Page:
Sparring, basically has the same meaning in almost all martial arts, martial sports, and combat sports such as boxing and Muay Thai. Wing Tsun is different however. In fact, it might not meet the definition in Wing Tsun.

In the above martial arts and sports, two combatants face off with each other. They generally walk around each other waiting for a good moment to attack. Usually a fighter is looking for an opening or a weak moment on the part of their sparring partner to attack.

Sparring is usually defined as a fighting practice. In the context of martial arts or sports like boxing and Muay Thai, it prepares a student or trainee for more serious fights. Generally, it is a give and take event, one partner attacks and the other defends, hoping to score points, then the rolls reverse. The more aggressive the combatants, the less the ‘rule’ is followed. Usually there are rules which confine the target areas to the torso and occasionally to the face but not the back of the head, throat, eyes, genitals, leg areas, ankles and other areas which are recommended for self-defense situations. Matches can last several rounds. Rounds can last 1 – 3 minutes. In events with medals or trophies, the match will have judges with points being scored according to a set of rules.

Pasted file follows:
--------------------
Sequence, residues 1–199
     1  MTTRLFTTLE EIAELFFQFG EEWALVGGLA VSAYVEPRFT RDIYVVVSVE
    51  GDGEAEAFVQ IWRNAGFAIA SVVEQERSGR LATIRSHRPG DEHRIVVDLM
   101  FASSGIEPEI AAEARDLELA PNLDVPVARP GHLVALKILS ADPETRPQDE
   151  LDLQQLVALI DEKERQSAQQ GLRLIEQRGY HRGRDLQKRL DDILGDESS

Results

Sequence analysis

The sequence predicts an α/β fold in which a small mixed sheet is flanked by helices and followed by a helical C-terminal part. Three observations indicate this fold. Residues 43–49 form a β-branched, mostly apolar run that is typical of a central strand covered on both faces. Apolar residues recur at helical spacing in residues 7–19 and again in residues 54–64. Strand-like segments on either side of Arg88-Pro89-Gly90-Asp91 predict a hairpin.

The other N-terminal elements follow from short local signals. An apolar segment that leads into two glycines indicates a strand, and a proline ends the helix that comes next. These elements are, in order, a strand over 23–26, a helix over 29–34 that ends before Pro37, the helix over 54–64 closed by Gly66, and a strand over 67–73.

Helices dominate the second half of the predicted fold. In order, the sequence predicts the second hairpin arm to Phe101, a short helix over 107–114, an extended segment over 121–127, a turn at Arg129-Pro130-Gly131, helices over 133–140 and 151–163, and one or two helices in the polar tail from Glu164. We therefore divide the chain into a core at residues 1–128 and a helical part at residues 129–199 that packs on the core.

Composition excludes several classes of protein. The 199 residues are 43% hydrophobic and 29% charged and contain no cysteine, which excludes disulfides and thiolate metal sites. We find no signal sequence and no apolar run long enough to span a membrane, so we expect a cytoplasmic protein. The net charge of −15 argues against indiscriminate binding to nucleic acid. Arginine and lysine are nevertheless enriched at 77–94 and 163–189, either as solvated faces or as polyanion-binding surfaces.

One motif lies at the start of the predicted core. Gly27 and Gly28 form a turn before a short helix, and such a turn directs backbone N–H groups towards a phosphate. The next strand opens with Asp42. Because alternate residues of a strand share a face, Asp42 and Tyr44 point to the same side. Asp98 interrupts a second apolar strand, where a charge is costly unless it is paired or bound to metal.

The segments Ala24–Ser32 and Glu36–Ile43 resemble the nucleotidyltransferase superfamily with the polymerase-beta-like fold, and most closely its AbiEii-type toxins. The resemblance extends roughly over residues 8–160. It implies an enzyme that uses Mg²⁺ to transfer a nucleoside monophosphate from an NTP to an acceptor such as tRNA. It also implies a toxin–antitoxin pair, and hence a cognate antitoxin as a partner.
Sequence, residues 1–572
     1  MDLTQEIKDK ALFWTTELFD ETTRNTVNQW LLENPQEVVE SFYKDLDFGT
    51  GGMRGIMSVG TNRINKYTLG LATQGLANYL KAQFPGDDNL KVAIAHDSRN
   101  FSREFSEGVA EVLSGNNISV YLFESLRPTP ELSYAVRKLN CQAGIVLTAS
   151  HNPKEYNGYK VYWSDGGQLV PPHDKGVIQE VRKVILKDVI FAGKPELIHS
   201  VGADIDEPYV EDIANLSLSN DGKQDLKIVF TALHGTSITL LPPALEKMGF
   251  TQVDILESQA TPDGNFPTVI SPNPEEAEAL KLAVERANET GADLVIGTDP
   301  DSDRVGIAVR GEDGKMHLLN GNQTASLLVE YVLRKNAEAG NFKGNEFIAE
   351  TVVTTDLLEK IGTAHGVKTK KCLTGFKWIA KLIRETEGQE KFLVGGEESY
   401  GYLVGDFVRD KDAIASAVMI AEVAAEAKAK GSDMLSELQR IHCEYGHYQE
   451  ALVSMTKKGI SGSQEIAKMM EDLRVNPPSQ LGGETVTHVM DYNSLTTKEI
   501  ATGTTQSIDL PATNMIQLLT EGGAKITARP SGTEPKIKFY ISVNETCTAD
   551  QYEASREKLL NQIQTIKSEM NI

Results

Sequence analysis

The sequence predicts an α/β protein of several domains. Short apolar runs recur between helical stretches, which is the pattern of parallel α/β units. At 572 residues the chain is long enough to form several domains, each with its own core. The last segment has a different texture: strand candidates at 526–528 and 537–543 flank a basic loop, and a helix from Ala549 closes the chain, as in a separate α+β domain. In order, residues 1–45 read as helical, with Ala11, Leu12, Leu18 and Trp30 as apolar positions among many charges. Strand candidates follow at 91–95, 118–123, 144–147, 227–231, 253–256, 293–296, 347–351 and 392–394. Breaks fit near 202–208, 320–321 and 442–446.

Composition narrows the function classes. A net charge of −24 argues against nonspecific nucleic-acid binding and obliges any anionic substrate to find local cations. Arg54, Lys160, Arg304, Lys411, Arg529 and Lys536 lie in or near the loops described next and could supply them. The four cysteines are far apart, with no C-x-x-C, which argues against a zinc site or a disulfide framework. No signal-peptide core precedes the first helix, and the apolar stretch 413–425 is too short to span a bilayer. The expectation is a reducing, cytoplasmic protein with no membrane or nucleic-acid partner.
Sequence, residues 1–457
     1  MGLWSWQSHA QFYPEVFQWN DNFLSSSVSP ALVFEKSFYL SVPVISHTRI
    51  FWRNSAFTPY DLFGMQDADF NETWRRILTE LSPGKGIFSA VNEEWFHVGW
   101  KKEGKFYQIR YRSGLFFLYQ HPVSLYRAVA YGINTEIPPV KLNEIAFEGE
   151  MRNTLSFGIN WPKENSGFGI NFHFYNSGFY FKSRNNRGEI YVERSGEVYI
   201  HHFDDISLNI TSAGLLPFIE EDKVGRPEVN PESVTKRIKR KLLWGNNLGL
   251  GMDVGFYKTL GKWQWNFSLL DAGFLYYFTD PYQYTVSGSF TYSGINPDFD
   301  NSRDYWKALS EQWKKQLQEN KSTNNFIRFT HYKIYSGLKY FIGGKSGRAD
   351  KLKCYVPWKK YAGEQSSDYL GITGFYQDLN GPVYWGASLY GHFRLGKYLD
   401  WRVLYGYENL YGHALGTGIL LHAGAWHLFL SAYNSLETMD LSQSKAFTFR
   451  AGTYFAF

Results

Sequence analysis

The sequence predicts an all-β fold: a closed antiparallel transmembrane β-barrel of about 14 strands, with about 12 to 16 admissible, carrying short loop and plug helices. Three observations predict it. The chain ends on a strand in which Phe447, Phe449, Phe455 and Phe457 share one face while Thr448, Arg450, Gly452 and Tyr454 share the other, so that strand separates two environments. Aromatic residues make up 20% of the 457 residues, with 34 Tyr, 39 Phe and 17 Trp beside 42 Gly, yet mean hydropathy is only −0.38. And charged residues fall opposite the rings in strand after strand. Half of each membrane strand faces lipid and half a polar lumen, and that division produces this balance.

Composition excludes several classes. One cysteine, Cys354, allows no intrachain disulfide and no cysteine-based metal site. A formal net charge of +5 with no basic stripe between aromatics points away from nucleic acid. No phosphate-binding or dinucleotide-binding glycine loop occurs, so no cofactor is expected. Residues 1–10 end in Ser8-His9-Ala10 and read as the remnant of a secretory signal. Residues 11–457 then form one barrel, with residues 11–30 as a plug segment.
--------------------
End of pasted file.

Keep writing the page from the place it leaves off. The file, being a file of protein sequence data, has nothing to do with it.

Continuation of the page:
Wing Tsun’s focus is real life self-defense situations where there are no rules. Often protective equipment is necessary (of a different kind) because of different target areas. In real-life there must be a winner and a loser. The fight cannot last too long or it would endanger the defender. Therefore, Wing Tsun ‘sparring’ is really like a short fight with a beginning, a middle and an end. More targets are used to train for self-defense, mixed with grapples, knees, elbows, shoulders, and aiming at targets like the legs, and, in light contact matches, all head and leg areas with appropriate gear.

Since the Wing Tsun ‘short fight’ or lat sau is still fighting practice and since we are not physically on the street, we often wear protective gear, we do not throw objects and do not play by all the street ‘rules’ (as in no rules), injuries are rare.

The emphasis in Wing Tsun lat sau is toward real self-defense. More tools and more targets are used while applying the lessons learned in sticky hands and fighting drills.

-Sifu Keith Sonnenberg